LLM Chat

Large Language Models (LLM) are an inflection point in computing. hof chat is an experiment in combining LLMs with hof’s features to find where and how they can be used together for the best effect.

hof chat

The hof chat command is and early preview for interacting with hof using natural language prompts. You can already use this to:

  1. Talk with ChatGPT from the command line or vim
  2. Talk with Hof data models (full demo coming soon :)

note, you can also call any LLM apis via hof/flow to build complex workflows

$ hof help chat

Use chat to work with hof features or from modules you import.
Module authors can provide custom prompts for their schemas.

This is an alpha stage command, expect big changes next release.
We currently use t

Currently, only ChatGPT is supported. You can use any of the
gpt-3.5 or gpt-4 models. The flag should match OpenAI API options.
While we are using the chat models, we do not support interactive yet.

Set OPENAI_API_KEY as an environment variable.


# Talk to LLMs (ChatGPT or Bard)

# select the model with -m
# full model name supported, also several shorthands
hof chat -m "gpt3" "why is the sky blue?" (gpt-3.5-turbo)
hof chat -m "bard" "why is the sky blue?"  (chat-bison@001)

# Ask of the LLM from strings, files, and/or stdin
# these will be concatenated to from the question
hof chat "Ask ChatGPT any question"    # as a string
hof chat question.txt                  # from a file
cat question.txt | hof chat -          # from stdin
hof chat context.txt "and a question"  # mix all three

# Provide a system message, these are special to LLMs
# this is typically where the prompt engineering happens
hof chat -S prompt.txt "now answer me this..."
hof chat -S "... if short prompt ..." "now answer me this..."

# Provide examples to the LLM
# for Bard, these are an additional input
# for ChatGPT, these will be appended to the system message
# examples are supplied as JSON, they should be [{ input: string, output: string }]
hof chat -E "<INPUT>: this is an input <OUTPUT>: this is an output" -E "..." "now answer me this..."
hof chat -E examples.json "now answer me this"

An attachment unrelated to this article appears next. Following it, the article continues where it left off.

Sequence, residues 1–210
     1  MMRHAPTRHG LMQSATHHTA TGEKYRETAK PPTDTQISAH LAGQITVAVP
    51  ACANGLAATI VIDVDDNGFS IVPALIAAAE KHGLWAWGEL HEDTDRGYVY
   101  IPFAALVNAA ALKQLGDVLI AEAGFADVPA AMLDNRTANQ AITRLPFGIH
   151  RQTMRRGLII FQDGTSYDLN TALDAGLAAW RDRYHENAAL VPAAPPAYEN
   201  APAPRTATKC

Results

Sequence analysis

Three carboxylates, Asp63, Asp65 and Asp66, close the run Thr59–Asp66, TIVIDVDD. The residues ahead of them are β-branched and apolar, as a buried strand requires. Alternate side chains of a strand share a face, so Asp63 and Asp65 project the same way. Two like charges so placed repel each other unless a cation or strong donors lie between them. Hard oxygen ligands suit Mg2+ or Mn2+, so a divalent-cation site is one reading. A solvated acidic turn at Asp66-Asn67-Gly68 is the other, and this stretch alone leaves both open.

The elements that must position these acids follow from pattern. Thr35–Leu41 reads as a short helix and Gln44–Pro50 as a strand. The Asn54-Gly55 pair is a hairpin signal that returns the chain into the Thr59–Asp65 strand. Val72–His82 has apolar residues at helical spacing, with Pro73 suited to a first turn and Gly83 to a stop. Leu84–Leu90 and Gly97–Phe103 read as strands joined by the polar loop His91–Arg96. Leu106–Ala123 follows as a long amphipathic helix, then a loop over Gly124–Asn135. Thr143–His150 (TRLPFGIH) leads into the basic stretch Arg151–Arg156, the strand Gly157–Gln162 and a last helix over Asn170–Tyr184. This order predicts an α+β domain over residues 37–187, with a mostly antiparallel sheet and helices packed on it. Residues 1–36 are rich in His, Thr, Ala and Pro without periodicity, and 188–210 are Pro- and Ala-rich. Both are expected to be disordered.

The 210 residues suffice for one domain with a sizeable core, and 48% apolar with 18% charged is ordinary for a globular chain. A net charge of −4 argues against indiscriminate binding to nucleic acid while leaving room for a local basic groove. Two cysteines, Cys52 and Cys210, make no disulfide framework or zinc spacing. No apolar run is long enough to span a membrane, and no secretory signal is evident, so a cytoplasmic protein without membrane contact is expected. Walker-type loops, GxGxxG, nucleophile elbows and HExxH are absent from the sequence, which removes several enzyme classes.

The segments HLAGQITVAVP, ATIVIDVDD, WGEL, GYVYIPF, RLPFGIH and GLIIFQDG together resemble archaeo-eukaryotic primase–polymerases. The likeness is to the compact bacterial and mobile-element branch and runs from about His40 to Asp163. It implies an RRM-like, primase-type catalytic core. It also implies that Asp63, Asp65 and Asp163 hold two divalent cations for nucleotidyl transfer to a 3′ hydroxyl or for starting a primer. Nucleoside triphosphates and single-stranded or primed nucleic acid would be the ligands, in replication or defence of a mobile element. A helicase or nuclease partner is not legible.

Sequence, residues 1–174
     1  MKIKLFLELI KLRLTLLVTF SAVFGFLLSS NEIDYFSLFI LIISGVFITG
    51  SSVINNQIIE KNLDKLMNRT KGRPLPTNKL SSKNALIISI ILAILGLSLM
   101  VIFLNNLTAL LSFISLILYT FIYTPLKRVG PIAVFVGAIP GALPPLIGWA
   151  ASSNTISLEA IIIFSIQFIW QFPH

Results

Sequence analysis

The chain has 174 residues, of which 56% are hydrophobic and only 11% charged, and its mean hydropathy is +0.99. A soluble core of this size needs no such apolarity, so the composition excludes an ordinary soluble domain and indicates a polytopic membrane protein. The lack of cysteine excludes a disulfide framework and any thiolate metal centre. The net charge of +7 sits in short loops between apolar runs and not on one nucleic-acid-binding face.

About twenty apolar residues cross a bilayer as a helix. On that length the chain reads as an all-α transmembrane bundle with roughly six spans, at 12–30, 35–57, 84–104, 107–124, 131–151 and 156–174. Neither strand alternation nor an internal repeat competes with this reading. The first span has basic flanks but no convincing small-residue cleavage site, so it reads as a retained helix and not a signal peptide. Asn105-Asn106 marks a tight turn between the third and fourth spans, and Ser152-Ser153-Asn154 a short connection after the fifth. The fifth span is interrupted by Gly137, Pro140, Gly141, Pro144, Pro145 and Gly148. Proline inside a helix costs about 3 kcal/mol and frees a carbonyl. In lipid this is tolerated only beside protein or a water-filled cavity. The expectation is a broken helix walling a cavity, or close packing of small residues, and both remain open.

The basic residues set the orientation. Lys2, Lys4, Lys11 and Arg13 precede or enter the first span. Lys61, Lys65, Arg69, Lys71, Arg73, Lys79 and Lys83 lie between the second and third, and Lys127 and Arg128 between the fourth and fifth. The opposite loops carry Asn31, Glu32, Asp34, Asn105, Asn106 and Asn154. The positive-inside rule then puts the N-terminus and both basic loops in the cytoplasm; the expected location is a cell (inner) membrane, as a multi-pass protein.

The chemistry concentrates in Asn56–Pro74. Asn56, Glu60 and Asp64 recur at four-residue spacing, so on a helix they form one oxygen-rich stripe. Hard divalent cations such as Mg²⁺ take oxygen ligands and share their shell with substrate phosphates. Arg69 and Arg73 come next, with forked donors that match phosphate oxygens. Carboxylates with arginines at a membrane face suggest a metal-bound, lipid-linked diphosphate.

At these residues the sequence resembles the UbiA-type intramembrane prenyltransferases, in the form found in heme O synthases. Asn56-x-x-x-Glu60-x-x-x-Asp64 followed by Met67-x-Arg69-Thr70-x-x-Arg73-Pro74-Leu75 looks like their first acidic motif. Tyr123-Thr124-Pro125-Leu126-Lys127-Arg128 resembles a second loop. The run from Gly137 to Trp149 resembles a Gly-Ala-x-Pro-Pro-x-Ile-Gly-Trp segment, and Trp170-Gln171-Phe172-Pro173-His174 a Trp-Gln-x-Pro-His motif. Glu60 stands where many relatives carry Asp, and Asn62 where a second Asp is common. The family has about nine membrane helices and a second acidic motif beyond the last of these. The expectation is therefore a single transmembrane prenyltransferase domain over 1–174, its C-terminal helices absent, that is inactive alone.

# Provide message history to the LLM
# if messages are supplied as JSON, they should be { role: string, content: string }
hof chat -M "user> asked some question" -M "assistant> had a reply" "now answer me this..."
hof chat -M messages.json "now answer me this"

  hof chat [args] [flags]
  hof chat [command]

Available Commands:
  info        print details of a specific chat plugin
  list        print available chat plugins in the current module
  with        chat with a plugin in the current module

  -N, --choices int           param: choices or N (openai) (default 1)
  -e, --example stringArray   string or path to an example pair for the LLM
  -h, --help                  help for chat
      --max-tokens int        param: MaxTokens (default 256)
  -m, --message stringArray   string or path to a message for the LLM
  -M, --model string          LLM model to use [gpt-3.5-turbo,gpt-4,bard,chat-bison] (default "gpt-3.5-turbo")
  -O, --outfile string        path to write the output to
      --stop stringArray      param: Stop (openai)
  -s, --system stringArray    string or path to the system prompt for the LLM, concatenated
      --temp float            param: temperature (default 0.8)
      --topk int              param: TopK (google) (default 40)
      --topp float            param: TopP (default 0.42)

Global Flags:
  -E, --all-errors               print all available errors
  -i, --ignore-errors            turn off output and assume defaults at prompts
  -D, --include-data             auto include all data files found with cue files
  -V, --inject-env               inject all ENV VARs as default tag vars
  -I, --input stringArray        extra data to unify into the root value
  -p, --package string           the Cue package context to use during execution
  -l, --path stringArray         CUE expression for single path component when placing data files
  -q, --quiet                    turn off output and assume defaults at prompts
  -d, --schema stringArray       expression to select schema to apply to data files
      --stats                    print generator statistics
  -0, --stdin-empty              A flag that ensure stdin is zero and does not block
  -t, --tags stringArray         @tags() to be injected into CUE code
  -U, --user-files stringArray   file globs to embed into the root value (<cue-path>=<file-glob>), use % as slash to trim before
  -v, --verbosity int            set the verbosity of output
      --with-context             add extra context for data files, usable in the -l/path flag

Use "hof chat [command] --help" for more information about a command.

where we are going

We see Hof + LLM as better than either on their own.

LLMs provide for natural language interfaces to all things Hof

We are building a future where LLM powered Hof is your coding assistant, allowing you to use the best interface (LLM, IDE, low-code) for the task at hand.

Hof simplifies code gen with LLMs

Hof’s deterministic code gen means that the LLMs only have to generate the data models and extra configuration needed for generators. This has many benefits.

  • The task for the LLM is much easier and they can do a much better job.
  • The code generation is backed by human written code, so no hallucinations.
  • The same benefits for generating code at scale with Hof.

Other places we see LLMs helping Hof

  • importing existing code to CUE & Hof
  • automatically transforming existing code to hof generators
  • filling in the details and gaps in generated code
  • in our premium user interfaces for low-code (these are more the multi-modal models, which come after LLMs, think Google Gemini)